It is easy to forget that airlines are not required to even offer a frequent flier loyalty program. Regardless of the recent changes in policies — some of them seemingly downright boneheaded — management of airlines have been implementing to frequent flier loyalty programs, they cause no safety issues for you. Rather, frequent flier loyalty programs are simply a marketing arm of an airline — nothing more. They are designed to entice you to patronize an airline more often — that is, spend more of your money in return for the promise of benefits and amenities — under the misused guise of loyalty.

If you remember the glory days of frequent flier loyalty programs — when award flights were truly free of charge and did not cost a penny; when elite status was significantly easier to earn; when lounge access was attained with little more than asking for it; when the airlines seemed to have been giving away the store and do just about anything simply to retain your patronage — there was no call for government regulation as we were all dining on caviar in our wide leather seats while sipping on champagne counting our boatloads of miles like millionaires with their bankrolls…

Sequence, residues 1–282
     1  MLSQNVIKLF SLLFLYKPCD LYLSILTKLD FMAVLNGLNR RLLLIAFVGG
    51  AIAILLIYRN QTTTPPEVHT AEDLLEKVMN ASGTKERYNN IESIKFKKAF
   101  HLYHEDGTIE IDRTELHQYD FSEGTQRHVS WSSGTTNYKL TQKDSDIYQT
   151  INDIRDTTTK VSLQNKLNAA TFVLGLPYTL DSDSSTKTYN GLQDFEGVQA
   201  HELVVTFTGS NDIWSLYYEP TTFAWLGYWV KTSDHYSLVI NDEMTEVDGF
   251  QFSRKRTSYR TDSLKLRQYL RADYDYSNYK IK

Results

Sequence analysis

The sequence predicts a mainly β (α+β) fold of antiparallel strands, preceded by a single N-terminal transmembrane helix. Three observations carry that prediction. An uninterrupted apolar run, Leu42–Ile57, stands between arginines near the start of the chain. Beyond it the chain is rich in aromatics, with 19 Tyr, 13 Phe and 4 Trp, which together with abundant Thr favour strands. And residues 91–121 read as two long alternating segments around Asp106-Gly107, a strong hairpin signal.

…and now that the “gravy train” of frequent flier loyalty programs seems to have basically come to an end, we should cry to the government to protect us from them?

Sorry, folks — I am not stooping myself all the way down to the level of an airline. Unlike airlines — who are laughingly complaining about the unfair competition currently posed by Etihad Airways, Emirates Airline and Qatar Airways because they are supposedly significantly funded by their respective governments — I do not need the assistance of lawmakers.

It is because of those glory days — and with that, an entitlement mentality which was allowed to be pervasive by some people — which have conditioned us to expect the benefits and perks as frequent fliers rather than truly appreciate them when they are bestowed upon us. Despite losing billions of dollars over the years and not being able to afford to do so, the airlines showered its frequent fliers with lavish amenities — and, of course, we always want more…